By Don Lindich
Week 14, 2017
Q. I just got a new car. The CD player can not only play CDs, it can import music to the car’s hard drive to create an onboard music collection. About 20 of my favorite old CDs are scratched pretty badly and it cause skips when playing or importing. Is there any way to remove the scratches?
-J.B., Crafton, PA
A. My favorite disc scratch remover is the CD/DVD SkipDr from Digital Innovations. It comes in a manual version for $19.99 and a motorized version for $39.99. The SkipDR uses a mildly abrasive spinning wheel and a special fluid to remove scratches and resurface the discs. Just spray fluid on the playing surface of the disc, put it in the SkipDR and turn the crank (manual) or turn it on (motorized.) After two rotations you remove the disc, buff it with the included cloth and the process is complete.
I’ve used the SkipDr for years and it has never let me down. The disc turns relatively slowly in relation to how much you turn the crank, so if you have a lot of discs to do at once you should definitely consider the motorized version.
Please note the CD/DVD SkipDR is not compatible with Blu-ray discs, which have a scratch resistant hard coating. If you do manage to scratch a Blu-ray disc there is a special Blu-ray SkipDR for $40.
Q. I have a $125 Nagaoka MP-110 cartridge that you recommended years ago, used with my old Hitachi turntable. Do you think the LP Gear The Vessel A3SE would be better for me?
-B.F., Waukesha, WI
A. Definitely. If I had to quantify it, I would say The Vessel A3SE is five times better than the Nagaoka MP-110. The MP-110 is still a good cartridge, it is just that the A3SE is a spectacular cartridge and it actually costs less! I’ve started to receive reader feedback on The Vessel A3SE and so far everyone is as excited as I have been. One reader commented he preferred it to the $350 cartridge he was using before, which was exactly my own experience. lpgear.com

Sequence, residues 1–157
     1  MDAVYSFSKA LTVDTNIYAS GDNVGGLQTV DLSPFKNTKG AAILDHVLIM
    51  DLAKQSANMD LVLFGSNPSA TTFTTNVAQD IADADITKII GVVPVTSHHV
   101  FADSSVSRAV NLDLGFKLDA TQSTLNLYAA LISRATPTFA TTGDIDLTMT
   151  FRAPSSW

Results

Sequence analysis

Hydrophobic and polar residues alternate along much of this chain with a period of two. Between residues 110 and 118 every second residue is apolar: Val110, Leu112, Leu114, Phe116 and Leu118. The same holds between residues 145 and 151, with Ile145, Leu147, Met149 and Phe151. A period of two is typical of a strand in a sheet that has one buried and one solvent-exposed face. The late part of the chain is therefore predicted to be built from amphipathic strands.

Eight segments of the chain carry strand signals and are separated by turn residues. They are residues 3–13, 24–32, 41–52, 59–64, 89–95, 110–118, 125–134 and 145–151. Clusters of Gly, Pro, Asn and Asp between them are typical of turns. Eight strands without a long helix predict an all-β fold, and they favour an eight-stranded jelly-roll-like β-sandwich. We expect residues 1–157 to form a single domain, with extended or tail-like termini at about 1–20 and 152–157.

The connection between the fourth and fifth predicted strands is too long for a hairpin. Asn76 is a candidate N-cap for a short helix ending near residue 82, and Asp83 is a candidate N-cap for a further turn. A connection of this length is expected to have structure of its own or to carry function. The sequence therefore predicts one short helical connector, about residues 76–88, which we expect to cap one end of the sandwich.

Sony SS-CS5 Core Bookshelf speakers update: Last week I wrote about these high performance bookshelf speakers, which were available for $109/pair when I submitted the column. When I wrote the column I checked the pricing history to make sure that they had been available at the deeply discounted price for some time. Satisfied that they had settled to a new pricing level around $110, I submitted the column.
Within two days of the column first appearing in print the price on Amazon and Best Buy was raised to the regular retail price of $219/pair. Sony held the line at $109 for a brief time before shooting up to match the others. I don’t know if this sudden price jump was due to a sales surge following the publicity or simply bad luck or bad timing on my part, but whatever the reason I am deeply disappointed for my readers as well as myself. The SS-CS5 is the kind of recommendation that brings me the most satisfaction: an affordable product capable of bringing tremendous enjoyment far beyond expectations.
My advice now is to hold off buying the Sony Core SS-CS5 Bookshelf speakers and wait for the price to drop again. I don’t believe the $219 price is sustainable because once you are over $200 there are much better speakers available in the $200-$300 price range. I will be watching for the price to drop again and when it does I will post on my website.